posted on Nov, 12 2014 @ 03:13 PM
originally posted by: Spruce
It would be nice if we could get some color photos. I'm really getting sick of black and white. This is the 21st century. Color has been in since the
All digital color images are basically just "approximated color" anyway -- Including the cameras on spacecraft, and even the color images from you
consumer digital camera or your mobile phone. You may be surprised to find out that digital cameras are essentially "color blind"...
...That is to say that the light sensor (CCD, CMOS, or whatever) that picks up the light from the camera can only sense shades of gray
-- not color. The way your digital camera works is essentially by putting each image seen through three filters (most consumer cameras actually use a
single three-color filter called a "bayer filer") to get a grayscale image that is translated in your camera into a color image -- based on what
imaging science knows about how different colors look in grayscale through various filters of different wavelengths. This is all done inside of your
camera, and takes less than one second. You never know that the camera is doing this.
So the light sensor can only "see" grayscale, but the computer approximates the color for you -- thus it is not really a true color image, but a
computer approximation of what it thinks is a true color image based on the graysacle information.
Many spacecraft also employ this same technique. For example, the twin rovers on Mars (Spirit and Opportunity) had cameras essentially did the same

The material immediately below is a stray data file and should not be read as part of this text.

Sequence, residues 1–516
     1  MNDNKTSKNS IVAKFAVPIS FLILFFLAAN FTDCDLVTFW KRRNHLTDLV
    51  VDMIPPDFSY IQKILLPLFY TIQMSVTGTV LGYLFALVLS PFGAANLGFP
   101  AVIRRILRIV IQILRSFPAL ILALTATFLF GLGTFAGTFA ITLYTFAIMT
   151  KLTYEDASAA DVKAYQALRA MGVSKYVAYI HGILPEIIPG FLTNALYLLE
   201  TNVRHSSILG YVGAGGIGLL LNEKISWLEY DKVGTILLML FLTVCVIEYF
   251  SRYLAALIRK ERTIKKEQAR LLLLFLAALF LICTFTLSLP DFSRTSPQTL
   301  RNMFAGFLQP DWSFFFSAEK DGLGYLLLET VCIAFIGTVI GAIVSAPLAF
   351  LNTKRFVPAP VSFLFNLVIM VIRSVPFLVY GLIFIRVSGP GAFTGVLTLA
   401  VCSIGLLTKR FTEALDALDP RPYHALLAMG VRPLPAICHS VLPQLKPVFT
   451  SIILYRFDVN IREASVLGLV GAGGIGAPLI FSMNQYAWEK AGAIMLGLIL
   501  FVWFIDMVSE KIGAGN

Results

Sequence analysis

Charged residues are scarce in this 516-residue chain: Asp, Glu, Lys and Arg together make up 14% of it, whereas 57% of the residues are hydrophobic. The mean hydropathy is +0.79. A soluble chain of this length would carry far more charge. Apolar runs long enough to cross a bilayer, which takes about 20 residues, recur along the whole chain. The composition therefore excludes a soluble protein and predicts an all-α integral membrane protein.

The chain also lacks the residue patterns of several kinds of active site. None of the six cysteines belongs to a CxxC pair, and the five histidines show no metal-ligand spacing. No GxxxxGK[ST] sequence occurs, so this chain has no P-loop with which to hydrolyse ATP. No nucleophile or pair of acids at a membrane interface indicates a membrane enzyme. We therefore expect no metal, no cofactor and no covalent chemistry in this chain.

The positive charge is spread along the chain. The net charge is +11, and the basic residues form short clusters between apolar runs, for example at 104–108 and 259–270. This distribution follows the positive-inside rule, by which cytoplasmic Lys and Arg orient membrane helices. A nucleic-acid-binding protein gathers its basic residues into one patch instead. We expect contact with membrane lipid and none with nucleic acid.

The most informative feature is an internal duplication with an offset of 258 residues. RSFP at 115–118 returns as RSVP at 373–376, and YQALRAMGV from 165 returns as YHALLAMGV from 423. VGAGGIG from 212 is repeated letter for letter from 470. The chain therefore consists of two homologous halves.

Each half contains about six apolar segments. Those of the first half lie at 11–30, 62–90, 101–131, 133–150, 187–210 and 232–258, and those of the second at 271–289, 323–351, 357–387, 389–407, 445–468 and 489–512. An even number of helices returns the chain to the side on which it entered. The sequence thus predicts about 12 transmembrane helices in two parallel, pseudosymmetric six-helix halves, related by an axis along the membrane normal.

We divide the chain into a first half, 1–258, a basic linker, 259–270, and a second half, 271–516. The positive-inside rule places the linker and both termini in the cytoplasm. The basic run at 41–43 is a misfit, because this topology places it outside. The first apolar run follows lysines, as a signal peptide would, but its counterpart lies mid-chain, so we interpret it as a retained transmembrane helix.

thing, but instead of combining the information from the three filters inside the camera, it keeps the three grayscale images separate (three
grayscale images as seen through the various filters) and transmits them back to Earth so imaging scientists here can combine them and assign the
colors. This is done because more imformation can be found by analyzing the three separate grayscale images. If they would be combined prior to
transmitting to Earth, information would be lost.
The Curiosity Rover on mars does it slightly differently. It has the ability to view the grayscales through different wavetentgh filters (thus being
able to discern greater information at those wavelengths), but it also has a bayer filter for creating instantaneous near-true-color images.
I think I read that Rosetta/Philae has filters in wavelengths of red and green, but I wouldn't be surprised if the cameras could NOT produce the
near-true-color like a consumer digital camera.
edit on 11/12/2014 by Soylent Green Is People because: (no reason given)